Thursday, March 22, 2018

My Fair Lady Doesn't Hate Women. Henry Higgins Hates Women.

On March 20th, I saw a preview of the newest revival of My Fair Lady. This production has been lately included in lamentations over the reviving of dated and sexist material; I find its inclusion in the conversation misguided chiefly because people are lumping it in with Carousel, an unfair and inaccurate coupling. Entering a This-Is-Zelda's-Opinion Zone, I'll start by saying Carousel is a bad show.

How is Carousel bad?
  • It's a bad story
  • It has a bad protagonist
  • It's full of bad messages romanticizing abusive and unhealthy relationships (some of which the current revival tries to mitigate)
  • I can stand only half the score
  • It's angered me since I saw it as a child. Even child-me knew it was bad
  • It's bad, you guys
My Fair Lady is a good show, with some problematic characters. There's a difference.

The objections, I have to assume, circle largely around the male lead, Henry Higgins: a cantankerous "confirmed old bachelor" who treats Eliza like a pet and whose musical canon includes the following gems:
  • "I'm an Ordinary Man," with such lyrics as "Let a woman in your life/And you invite eternal strife"
  • "A Hymn to Him," which repeatedly asks the question, "Why can't a woman be more like a man?"
  • "I've Grown Accustomed to Her Face," in which he imagines Eliza's dour future with the rejoinder, "How humiliating! How delightful!"
Which ... yeah, Henry Higgins is a raging misogynist (He claims he treats everyone shabbily; I say he treats Colonel Pickering noticeably better than he treats the women). Eliza seems to be the first to make him realize that women are humans with souls. Henry Higgins is a brilliant but crappy person. But the thing is, the show knows this. The show doesn't think he's in the right. The show is on Eliza's side the entire time. Eliza is the hero, the one to realize self-actualization. Higgins's epiphany is that Eliza is a person. Eliza's epiphany is that she's a better person than Higgins, and that she doesn't need him for validation.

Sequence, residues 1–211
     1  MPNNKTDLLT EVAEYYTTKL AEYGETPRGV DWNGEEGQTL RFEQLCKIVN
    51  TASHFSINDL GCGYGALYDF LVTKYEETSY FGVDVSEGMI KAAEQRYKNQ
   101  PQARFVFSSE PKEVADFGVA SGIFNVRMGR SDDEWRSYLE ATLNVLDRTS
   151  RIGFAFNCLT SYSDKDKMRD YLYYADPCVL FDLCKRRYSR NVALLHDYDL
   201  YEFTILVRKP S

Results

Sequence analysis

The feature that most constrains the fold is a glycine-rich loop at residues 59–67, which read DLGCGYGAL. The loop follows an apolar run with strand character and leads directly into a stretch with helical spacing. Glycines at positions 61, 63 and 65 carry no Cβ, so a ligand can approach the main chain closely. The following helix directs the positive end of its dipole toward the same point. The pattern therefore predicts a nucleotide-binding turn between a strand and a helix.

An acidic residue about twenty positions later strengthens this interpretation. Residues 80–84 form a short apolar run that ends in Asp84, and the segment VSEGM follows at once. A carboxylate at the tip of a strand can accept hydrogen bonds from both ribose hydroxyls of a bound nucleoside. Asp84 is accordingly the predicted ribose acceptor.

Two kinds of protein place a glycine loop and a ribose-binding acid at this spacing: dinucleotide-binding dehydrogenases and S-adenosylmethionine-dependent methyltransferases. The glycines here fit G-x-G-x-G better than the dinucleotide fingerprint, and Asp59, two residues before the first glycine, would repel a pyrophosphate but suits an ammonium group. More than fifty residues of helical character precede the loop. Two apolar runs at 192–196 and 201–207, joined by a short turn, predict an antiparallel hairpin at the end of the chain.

There are some arguments to be made for the show's failing to tell a positive feminist story. For instance, it's never been clear to me why Eliza, after telling Higgins he will never see her again, returns to and seemingly reconciles with Higgins whilst he plays the cylinder recording of her first visit (a coda which does not exist in the musical's inspiration, George Bernard Shaw's Pygmalion). No spoilers, but this production, with its attempt to make Eliza's final moment an even stronger statement of independence, still fails to answer that question. We see Higgins's journey to recognizing Eliza's value; we don't see Eliza's journey to giving him one last chance. But even so, this is a narrative about a woman realizing her value: that she doesn't have to be defined by her origins, but by the work she can do, and by her mind and spirit. This is about a flower girl realizing she's always been a lady. Higgins is entertaining, and gets plenty of showy stuff, but this is Eliza's story.

The other big argument concerns the musical's bookwriter and lyricist, Alan Jay Lerner. More specifically, it concerns his obnoxious tendency in far too many of his scores to give his male protagonist a Rant Aria about how irrational women are. I don't know the man's personal life, but this pattern smacks of something, and it rhymes with schmisogyny. With that lens, it's impressive Eliza is as fully realized a protagonist as she is. But, as my friend Mark Falconer pointed out amidst a spirited Facebook thread, that's probably more Shaw's doing than Lerner's.

Carousel thinks it's okay to liken physical abuse to an expression of love. My Fair Lady makes it very clear that Higgins's treatment of Eliza is unacceptable, and that his attempt to take credit for her autonomy, undermining her both in spirit and in stealing the applause moment from "Without You," is as little and low as he can get. Bottom line: I don't think My Fair Lady should be retired to the mudpit of shows no longer acceptable to produce, and I don't think its worth should be reduced to the voice of one of its characters. (We can stop producing Carousel, though. That's totally fine.)

Okay, so what did we think of the current revival at Lincoln Center?

Margin Notes